Snowpack across Idaho ranges from 120 percent of normal in the Clearwater Basin to 40 percent of normal in the Owyhee Basin.
With only a month of winter remaining, some areas could use more precipitation, said Ron Abramovich, water supply specialist with the Natural Resources Conservation Service in Boise.
Fortunately, a return to winter weather at the end of February brought low temperatures and storms, and conditions are changing, he said.
A warm, dry spell in January bled into February, leaving central and southern Idaho drier than normal, he said.
“A lot of the moisture fell after the first of March,” he said.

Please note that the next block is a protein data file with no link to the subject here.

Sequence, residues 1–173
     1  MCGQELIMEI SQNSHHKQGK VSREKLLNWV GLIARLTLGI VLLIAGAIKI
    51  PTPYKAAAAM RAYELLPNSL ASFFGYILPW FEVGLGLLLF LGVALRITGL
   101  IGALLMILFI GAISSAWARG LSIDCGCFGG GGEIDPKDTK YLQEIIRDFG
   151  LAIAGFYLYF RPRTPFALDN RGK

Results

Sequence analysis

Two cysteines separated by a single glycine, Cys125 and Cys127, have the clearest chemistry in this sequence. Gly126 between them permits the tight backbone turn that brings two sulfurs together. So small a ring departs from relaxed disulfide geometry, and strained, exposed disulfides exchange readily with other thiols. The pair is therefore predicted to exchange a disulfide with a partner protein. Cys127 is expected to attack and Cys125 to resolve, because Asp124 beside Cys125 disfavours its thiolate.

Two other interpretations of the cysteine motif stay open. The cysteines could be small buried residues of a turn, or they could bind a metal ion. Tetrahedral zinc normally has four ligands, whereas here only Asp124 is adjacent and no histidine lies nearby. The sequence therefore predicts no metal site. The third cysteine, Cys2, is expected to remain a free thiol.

But above-average carryover and good reservoir storage across southern Idaho should be adequate for irrigation supplies, he said.
Snowpack in the Upper Snake Basin is 100 percent to 120 percent of normal, and there will be plenty of water to fill reservoirs and numerous other needs, he said.
But water supplies could be marginal in the Big Wood, Little Wood, Big Lost and Little Lost basins, he said.
A good storm visited those areas last weekend, dumping up to 2 feet of snow in some mountain locations. But those basins need another storm or two to ensure adequate irrigation supplies, he said.
And if snow doesn’t fall in the Owyhee and Bruneau basins yet this winter, those areas could use rain this spring, he said.
Abramovich and NRCS water specialists are working on their latest water supply outlook report, which will be available by week’s end.